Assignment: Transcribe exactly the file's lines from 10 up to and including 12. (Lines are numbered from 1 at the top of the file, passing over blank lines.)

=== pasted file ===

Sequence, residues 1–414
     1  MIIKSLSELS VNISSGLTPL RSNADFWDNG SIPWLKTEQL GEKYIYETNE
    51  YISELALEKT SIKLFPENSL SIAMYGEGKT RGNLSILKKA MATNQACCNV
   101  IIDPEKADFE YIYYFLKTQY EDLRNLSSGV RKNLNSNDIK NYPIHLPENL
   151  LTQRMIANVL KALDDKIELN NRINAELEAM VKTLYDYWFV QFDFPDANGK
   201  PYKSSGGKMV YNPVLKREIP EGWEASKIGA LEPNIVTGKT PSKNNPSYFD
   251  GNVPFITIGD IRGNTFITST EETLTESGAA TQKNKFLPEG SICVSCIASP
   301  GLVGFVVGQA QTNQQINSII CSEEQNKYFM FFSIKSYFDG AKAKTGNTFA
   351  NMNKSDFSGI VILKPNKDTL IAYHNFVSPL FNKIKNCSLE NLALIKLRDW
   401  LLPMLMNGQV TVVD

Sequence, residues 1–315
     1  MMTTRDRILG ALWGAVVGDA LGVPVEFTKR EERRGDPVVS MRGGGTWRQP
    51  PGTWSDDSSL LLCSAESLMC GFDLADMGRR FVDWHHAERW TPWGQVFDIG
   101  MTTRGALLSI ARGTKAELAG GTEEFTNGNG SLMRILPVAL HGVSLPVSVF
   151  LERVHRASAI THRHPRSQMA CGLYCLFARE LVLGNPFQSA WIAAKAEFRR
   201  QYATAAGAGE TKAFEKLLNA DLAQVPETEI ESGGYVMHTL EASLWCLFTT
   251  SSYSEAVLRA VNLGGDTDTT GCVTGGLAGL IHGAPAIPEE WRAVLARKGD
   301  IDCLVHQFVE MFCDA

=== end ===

   401  LLPMLMNGQV TVVD

Sequence, residues 1–315
     1  MMTTRDRILG ALWGAVVGDA LGVPVEFTKR EERRGDPVVS MRGGGTWRQP